Atlantic Coast Sea Levels Are Rising at Fastest Rate in 2,000 Years, Study Finds
The Brooklyn Battery Tunnel is flooded after a tidal surge caused by Hurricane Sandy, on October 30, 2012 in Manhattan, New York. Allison Joyce / Getty Images
Yet another study has confirmed the unprecedented impacts of the climate crisis: Sea levels along the eastern U.S. are rising at their fastest rate in 2,000 years.
Researchers led by a team at the University of Rutgers studied sea level rise at six sites along the Atlantic coast. They found that the rate of change between 1900 and 2000 was more than double the average for the period between year 0 and 1800, Rutgers Today reported.
“The increasing influence of the global component is the most significant change in the sea-level budgets at all six sites,” the study authors wrote.
The research, published in Nature Communications on Tuesday, focused on sea level sites in Connecticut, New York City, North Jersey, South Jersey (Leeds Point and Cape May Courthouse) and North Carolina. The scientists examined sea-level budgets, which are the totality of regional, local and global factors that influence sea level change. Examples of regional factors include land subsidence, or sinking, while local factors include groundwater withdrawal, Rutgers Today explained. The study is the first to examine these factors across a large time frame at the Atlantic sites. Most sea level budget studies have only focused on the 20th and 21st centuries, and only on the global level.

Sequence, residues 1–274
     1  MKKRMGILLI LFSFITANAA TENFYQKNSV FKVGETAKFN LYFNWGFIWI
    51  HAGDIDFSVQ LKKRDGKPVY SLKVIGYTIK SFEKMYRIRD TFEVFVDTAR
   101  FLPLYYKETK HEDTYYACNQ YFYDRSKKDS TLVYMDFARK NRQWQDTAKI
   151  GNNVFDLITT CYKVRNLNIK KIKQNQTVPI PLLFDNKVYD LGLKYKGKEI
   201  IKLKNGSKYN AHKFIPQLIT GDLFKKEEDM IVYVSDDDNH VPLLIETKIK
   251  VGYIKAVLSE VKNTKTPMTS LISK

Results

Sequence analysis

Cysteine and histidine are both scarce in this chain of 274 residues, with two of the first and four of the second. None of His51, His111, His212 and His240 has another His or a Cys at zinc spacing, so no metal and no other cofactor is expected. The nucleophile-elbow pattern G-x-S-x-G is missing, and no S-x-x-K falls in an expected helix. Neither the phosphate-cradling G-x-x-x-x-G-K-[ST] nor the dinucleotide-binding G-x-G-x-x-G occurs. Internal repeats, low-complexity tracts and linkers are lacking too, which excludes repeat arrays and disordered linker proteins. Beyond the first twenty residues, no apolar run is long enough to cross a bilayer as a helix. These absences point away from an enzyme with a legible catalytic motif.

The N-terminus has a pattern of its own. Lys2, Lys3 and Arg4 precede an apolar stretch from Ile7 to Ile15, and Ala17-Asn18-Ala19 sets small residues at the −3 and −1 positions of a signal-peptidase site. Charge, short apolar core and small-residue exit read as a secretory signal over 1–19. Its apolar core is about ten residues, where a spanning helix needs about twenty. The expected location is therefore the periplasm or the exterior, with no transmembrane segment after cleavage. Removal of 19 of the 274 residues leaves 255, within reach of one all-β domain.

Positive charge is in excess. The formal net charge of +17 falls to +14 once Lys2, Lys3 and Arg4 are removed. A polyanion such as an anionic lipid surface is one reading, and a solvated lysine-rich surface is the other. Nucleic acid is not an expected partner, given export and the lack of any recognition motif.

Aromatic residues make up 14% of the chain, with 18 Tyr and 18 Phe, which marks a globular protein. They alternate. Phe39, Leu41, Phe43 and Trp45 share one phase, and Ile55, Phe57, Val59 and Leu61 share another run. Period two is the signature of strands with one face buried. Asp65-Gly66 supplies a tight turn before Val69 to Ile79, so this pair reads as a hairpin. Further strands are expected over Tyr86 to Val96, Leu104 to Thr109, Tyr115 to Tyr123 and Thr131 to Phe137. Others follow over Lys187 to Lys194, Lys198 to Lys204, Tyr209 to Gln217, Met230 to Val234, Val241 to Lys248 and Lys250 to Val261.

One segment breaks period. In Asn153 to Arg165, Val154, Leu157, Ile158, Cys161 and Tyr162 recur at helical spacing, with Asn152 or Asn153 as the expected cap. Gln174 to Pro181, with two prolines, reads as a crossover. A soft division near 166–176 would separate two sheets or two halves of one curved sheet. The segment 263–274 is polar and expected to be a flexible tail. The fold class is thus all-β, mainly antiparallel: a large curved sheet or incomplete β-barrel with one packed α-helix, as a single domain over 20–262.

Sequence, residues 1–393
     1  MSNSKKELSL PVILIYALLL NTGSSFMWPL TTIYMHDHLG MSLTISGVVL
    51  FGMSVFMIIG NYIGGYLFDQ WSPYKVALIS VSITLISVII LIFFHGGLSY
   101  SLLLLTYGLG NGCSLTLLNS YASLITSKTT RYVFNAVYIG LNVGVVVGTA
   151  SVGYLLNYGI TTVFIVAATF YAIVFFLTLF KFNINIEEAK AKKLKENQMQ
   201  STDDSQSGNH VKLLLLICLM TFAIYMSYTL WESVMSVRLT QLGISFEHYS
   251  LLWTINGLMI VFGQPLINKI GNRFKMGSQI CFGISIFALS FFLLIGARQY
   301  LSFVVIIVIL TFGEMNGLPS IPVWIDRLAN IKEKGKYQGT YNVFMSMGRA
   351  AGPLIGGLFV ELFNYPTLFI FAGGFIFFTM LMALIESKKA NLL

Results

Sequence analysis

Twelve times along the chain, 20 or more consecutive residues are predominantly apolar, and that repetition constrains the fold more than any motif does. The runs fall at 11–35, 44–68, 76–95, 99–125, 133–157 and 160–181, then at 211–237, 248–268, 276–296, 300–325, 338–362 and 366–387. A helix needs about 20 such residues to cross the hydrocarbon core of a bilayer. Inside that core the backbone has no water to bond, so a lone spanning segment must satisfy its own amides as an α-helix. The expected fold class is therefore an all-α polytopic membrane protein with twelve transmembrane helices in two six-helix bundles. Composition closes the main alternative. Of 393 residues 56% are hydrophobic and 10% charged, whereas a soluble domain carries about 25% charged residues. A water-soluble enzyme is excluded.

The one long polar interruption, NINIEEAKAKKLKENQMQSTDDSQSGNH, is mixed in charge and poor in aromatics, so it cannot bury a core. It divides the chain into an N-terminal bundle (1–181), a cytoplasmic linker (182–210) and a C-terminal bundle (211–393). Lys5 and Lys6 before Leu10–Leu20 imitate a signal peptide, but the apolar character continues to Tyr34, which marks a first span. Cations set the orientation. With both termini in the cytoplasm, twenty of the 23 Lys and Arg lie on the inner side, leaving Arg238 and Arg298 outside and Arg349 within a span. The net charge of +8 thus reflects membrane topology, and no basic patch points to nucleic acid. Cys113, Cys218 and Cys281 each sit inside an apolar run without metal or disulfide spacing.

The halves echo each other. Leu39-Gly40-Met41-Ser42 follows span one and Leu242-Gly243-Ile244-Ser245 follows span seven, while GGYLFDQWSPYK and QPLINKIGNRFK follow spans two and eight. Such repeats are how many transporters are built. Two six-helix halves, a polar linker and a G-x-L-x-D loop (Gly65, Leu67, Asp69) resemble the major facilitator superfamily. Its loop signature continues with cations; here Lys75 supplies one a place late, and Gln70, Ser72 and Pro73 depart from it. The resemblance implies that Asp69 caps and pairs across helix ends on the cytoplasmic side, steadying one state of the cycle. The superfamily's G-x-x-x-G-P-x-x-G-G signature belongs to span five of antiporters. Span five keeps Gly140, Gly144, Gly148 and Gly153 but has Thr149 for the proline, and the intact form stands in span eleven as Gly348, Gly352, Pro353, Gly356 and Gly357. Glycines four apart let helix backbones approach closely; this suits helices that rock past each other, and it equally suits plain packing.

The research found that the dominant force driving sea level change had shifted. During the totality of the 2,000 year period, land subsidence caused by the retreating Laurentide ice sheet drove the change.
However, in the last century, global forces took over.
“Where it used to be this regional land sinking being the dominant force, now it’s this global component, which is driven by the ice melt and warming of the oceans,” Jennifer S. Walker, lead author and Rutgers University-New Brunswick postdoctoral associate, told CNN.
Since 1950, the global climate crisis has driven 36 to 50 percent of sea level rise at all six sites, the authors determined.
The findings aren’t only important for understanding the scale of the current crisis, but also for helping policymakers deal with its consequences. Rising sea levels can increase sunny-day floods and make storms such as 2012’s Hurricane Sandy more extreme.
“The impacts from a big storm like that are just going to be exacerbated on top of (the rising seas),” Walker told CNN.
That is why the study chose to study individual locations across a wide period.
“Having a thorough understanding of sea-level change at sites over the long-term is imperative for regional and local planning and responding to future sea-level rise,” Walker told Rutgers Today. “By learning how different processes vary over time and contribute to sea-level change, we can more accurately estimate future contributions at specific sites.”
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